ICBM Fuzing. Lockheed Martin has received a $12.5 million, one-year subcontract from Northrop Grumman for refurbishment of reentry vehicle arming and fuzing assemblies for the Air Force’s Minuteman III ICBM system. Under this subcontract, Lockheed Martin Space System’s Valley Forge facility in King of Prussia, Pa., will replace components, refurbish and test the assemblies. The subcontract includes an option for a second year. Under an earlier contract in 2009, Lockheed Martin successfully demonstrated the feasibility of the refurbishment effort. Lockheed Martin is the original equipment manufacturer for the arming and fuzing assembly.

Partnership Missions. Next month, the sixth annual United States-led humanitarian assistance mission Pacific Partnership 2011 kicks off. With ships from the United States, Australia, Japan and New Zealand, a helicopter crew from France, along with health specialists and engineers from the U.S. military, Australian Defence Force (ADF), Canadian Defence Force, Singaporean Defence Force and Spanish Defence Force will form the basis of a humanitarian assistance mission in the Pacific region over the next four months. Pacific Partnership has been held annually by the U.S. Pacific Fleet since the devastating effects of the Boxing Day Tsunami in 2004.

New Exec. APIC Corp. appoints retired Army Col. Timothy Tritch as director, Military Systems Washington Operations, for the company. Tritch will play a key role in the continuing technology transfer between APIC and the Defense Department. APIC is expanding its role by creating and supplying state of the art photonic capabilities. Tritch concluded his military service as the Army Special Assistant to the Director of the Defense Advanced Research Projects Agency, where he was responsible for the transfer of promising technology to alleviate Army capability gaps and advocating their development into military programs of record.

Registration Open. The Navy Small Business Innovation Research Program Office says registration is now open for the 11th Navy Opportunity Forum held June 6-8 at the Hyatt Regency, Crystal City, Va. This year, over more than 200 opportunities will be presented, and there will be displays by the Navy Office of Research and Technology Applications. There is no registration fee. Space is limited and registration requests will be taken on a first come, first serve basis. Register on line: or call: Mike Morgan (585) 617-9464.

Business Transformation Year. The Army’s business transformation efforts in 2010 will help move into an even more successful 2011, the service says, as it sends the latest report to Congress. For example, the service developed an integrated management system to help leaders make better resource-informed decisions. Additionally, the Business System Information Technology Strategy was implemented. Army Under Secretary Joseph Westphal, as chief management officer with support from assistant service secretaries and the Army staff, led a 2010 effort that leads the Army Campaign Plan into a strategic management plan and performance management tool. This will help senior Army leaders manage, synchronize and transform army business processes, the service says.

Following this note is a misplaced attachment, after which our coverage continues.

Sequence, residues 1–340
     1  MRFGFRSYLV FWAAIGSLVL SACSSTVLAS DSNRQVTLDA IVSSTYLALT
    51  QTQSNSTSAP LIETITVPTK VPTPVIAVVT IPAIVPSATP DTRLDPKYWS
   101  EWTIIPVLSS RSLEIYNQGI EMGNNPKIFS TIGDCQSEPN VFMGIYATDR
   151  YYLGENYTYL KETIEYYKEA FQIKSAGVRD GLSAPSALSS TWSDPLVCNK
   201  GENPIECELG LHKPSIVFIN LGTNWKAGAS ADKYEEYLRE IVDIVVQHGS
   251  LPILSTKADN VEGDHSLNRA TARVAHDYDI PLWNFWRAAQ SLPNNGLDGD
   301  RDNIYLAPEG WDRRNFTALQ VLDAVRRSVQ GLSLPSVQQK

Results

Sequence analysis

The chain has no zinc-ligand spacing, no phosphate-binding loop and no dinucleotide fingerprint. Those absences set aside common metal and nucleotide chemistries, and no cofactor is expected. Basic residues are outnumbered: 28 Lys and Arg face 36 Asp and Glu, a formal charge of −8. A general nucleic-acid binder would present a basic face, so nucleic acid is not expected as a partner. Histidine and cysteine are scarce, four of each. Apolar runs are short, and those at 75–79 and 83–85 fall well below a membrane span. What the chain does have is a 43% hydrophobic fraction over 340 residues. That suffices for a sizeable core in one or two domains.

Tank Ammo. Army Contracting Command, Rock Island, Ill., awards General Dynamics Ordnance and Tactical Systems a $46 million contract for the manufacture and delivery of 120mm M865 TPCSDS-T and M1002 TPMP-T tank cartridges. The M865 Target Practice, Cone Stablilized, Discarding Sabot-Tracer (TPCSDS-T) cartridge is used in the 120mm smooth bore M256 cannon of Army and Marine Corps Abrams main battle tanks. The M865 practice cartridge simulates the performance characteristics of live ammunition at reduced maximum ranges to allow practice firings on short-range training areas. The M1002 Target Practice Multi-Purpose Tracer (TPMP-T) training cartridge provides matched exterior ballistics and time-of- flight parameters to the M830A1 High Explosive Anti-Tank Multi-Purpose Tracer (HEAT-MP-T) tactical cartridge when fired from the Abrams tank. “The M865 and M1002 provide realistic, cost-effective training without the use of high-explosive ammunition,” says Dean Bartles, vice president and general manager of large-caliber.

Growing Interest. A number of programs and technology are coming to the fore showing the growing interest in acquiring air and missile defense capability in the Middle East, Asia and Europe, a Boeing official says. “More than ever, missile defense is being viewed as a nation’s core competency,” says Mira Ricardel, vice president business development at Boeing Strategic Missiles and Defense business, at a company briefing last week. In just one area, for example, she says the U.S. joint effort with Israel Aircraft Industries last month shows continued progress with a successful flight test using the Arrow missile-defense interceptor against a representative target.

Shoe Scanner. The Transportation Security Administration (TSA) appears ready to begin a formal procurement process for systems that can detect explosives in shoes, revisiting technology it decided against purchasing several years ago. Last week, the agency issued a pre-solicitation notice that it will release a Request for Proposals on April 25 for a Shoe Scanning Device (SSD) system that can detect threat objects concealed in footwear without requiring passengers to remove their footwear as they pass through a security checkpoint. Several years ago, TSA pilot tested a shoe scanner made by General Electric but discontinued use of the system in the fall of 2007. GE later sold its homeland security business, which makes the shoe scanning and other screening technologies, to France’s Safran Group. With the SSD, TSA hopes to reduce the number of passengers required to remove their shoes and thereby increase throughput at the checkpoint. The agency wants an SSD system to have the current baseline level of screening capabilities provided by Advanced Technology-2 X-ray machines used to screen carry-on bags at airport checkpoints.